Dorure et redorure de la statuaire antique en bronze : une nouvelle lecture de l'Apollon de Lillebonne

Dominique Robcis, Sophie Descamps-Lequime, Nathalie Pingaud, Benoît Mille
2017 Techne : La science au service de l'histoire de l'art et des civilisations  
Dominique Robcis, chef de travaux d'art, C2RMF (dominique.robcis@culture.gouv.fr). Sophie Descamps-Lequime, conservateur général du patrimoine, musée du Louvre, département des Antiquités grecques, étrusques et romaines (sophie.descamps@louvre.fr). Nathalie Pingaud, assistante ingénieure, C2RMF (nathalie.pingaud@culture.gouv.fr). Benoît Mille, ingénieur d'étude, C2RMF et Préhistoire et Technologie, UMR 7055, Nanterre (benoit.mille@culture.gouv.fr). Abstract. The Lillebonne Apollo is the largest
more » ... ollo is the largest bronze sculpture of a divinity found so far in Roman Gaul. Stylistically dating from the 2nd century AD, this statue of Apollo holding a lyre (now lost) was discovered in ancient Juliobona (present-day Lillebonne, Normandy, France). Given that Apollo was considered a salvation deity, this was very probably a cult statue. An initial laboratory study was conducted during the restoration of the sculpture in 1974-1975 under the direction of Albert France-Lanord. A complementary scientific investigation, carried out at the C2RMF in 2015, revealed new data about the context in which the Apollo was displayed in Antiquity. In particular, it identified the gilding technique used on the bronze and brought to light an important stage of ancient regilding. The study of the gilding involved diverse testing and analytical techniques: metallography, 3D digital microscopy, X-ray fluorescence, scanning electron microscope.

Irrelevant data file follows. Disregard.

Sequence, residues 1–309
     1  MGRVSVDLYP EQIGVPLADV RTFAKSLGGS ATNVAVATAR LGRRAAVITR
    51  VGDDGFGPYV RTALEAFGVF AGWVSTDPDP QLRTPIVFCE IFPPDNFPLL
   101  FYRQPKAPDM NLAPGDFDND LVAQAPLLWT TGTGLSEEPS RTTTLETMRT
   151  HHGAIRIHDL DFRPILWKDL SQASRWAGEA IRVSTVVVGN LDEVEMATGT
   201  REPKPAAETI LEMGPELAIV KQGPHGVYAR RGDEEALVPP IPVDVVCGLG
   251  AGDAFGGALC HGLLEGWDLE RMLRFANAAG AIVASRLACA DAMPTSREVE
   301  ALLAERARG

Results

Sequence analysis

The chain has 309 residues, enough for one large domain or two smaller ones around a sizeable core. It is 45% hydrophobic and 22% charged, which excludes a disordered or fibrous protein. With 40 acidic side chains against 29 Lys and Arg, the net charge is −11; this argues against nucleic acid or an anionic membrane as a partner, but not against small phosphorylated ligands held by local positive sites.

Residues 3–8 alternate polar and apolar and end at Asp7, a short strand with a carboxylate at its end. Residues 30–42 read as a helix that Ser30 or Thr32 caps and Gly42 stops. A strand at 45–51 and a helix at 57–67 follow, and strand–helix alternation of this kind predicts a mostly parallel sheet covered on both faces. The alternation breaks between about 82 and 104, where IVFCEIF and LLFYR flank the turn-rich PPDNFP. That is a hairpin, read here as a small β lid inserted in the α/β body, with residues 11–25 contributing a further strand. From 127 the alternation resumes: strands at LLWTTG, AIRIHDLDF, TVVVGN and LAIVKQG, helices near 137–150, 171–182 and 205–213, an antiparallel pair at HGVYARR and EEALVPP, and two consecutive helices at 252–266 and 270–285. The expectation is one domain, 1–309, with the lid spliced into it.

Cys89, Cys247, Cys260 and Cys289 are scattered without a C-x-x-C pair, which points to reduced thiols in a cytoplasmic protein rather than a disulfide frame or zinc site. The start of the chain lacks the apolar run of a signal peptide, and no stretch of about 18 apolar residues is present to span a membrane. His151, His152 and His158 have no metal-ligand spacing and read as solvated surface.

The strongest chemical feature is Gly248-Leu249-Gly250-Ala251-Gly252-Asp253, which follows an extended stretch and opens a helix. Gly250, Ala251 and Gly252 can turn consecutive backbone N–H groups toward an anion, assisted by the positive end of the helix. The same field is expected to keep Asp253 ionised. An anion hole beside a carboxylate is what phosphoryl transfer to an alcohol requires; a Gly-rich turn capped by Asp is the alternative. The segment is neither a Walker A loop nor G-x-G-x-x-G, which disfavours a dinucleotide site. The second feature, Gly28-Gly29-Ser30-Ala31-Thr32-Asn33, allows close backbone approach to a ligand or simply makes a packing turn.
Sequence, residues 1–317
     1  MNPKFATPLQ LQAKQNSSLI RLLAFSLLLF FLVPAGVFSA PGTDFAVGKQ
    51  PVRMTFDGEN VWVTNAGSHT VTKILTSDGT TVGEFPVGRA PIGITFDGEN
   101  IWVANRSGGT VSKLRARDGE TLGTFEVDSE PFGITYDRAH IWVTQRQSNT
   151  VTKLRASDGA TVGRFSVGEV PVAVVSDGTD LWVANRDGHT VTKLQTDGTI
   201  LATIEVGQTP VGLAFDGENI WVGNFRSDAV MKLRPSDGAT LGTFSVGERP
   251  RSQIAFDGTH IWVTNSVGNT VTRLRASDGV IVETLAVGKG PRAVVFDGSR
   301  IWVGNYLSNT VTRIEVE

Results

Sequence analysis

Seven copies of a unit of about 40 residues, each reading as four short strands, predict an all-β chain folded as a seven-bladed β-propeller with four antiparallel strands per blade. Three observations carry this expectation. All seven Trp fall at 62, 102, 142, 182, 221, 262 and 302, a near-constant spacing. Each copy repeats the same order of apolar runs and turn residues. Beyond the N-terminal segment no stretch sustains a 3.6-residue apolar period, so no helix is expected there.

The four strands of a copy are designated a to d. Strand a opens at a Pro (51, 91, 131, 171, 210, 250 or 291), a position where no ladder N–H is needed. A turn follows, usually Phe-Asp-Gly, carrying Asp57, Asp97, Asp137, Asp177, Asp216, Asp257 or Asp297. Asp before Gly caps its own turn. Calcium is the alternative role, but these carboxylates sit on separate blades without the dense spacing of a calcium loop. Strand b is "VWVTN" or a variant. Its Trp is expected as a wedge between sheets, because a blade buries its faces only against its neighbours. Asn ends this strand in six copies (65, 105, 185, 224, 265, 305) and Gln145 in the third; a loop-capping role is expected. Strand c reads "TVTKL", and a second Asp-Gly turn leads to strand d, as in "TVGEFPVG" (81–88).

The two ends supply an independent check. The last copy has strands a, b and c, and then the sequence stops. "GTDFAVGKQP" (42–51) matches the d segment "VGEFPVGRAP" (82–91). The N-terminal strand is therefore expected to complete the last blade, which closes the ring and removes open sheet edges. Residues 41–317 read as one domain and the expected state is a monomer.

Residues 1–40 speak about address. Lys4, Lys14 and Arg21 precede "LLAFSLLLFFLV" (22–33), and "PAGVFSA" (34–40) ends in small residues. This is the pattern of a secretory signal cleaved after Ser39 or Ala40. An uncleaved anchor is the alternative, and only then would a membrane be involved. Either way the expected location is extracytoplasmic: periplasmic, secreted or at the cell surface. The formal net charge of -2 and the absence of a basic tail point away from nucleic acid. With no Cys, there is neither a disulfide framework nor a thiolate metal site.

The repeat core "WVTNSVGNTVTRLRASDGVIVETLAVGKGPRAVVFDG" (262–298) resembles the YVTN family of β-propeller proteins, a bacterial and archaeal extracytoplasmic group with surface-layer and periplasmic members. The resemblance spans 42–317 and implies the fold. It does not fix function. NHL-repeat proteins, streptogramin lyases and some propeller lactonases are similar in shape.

doi:10.4000/techne.1324 fatcat:aes4oa6hgrhzriu7sjnwcnl64y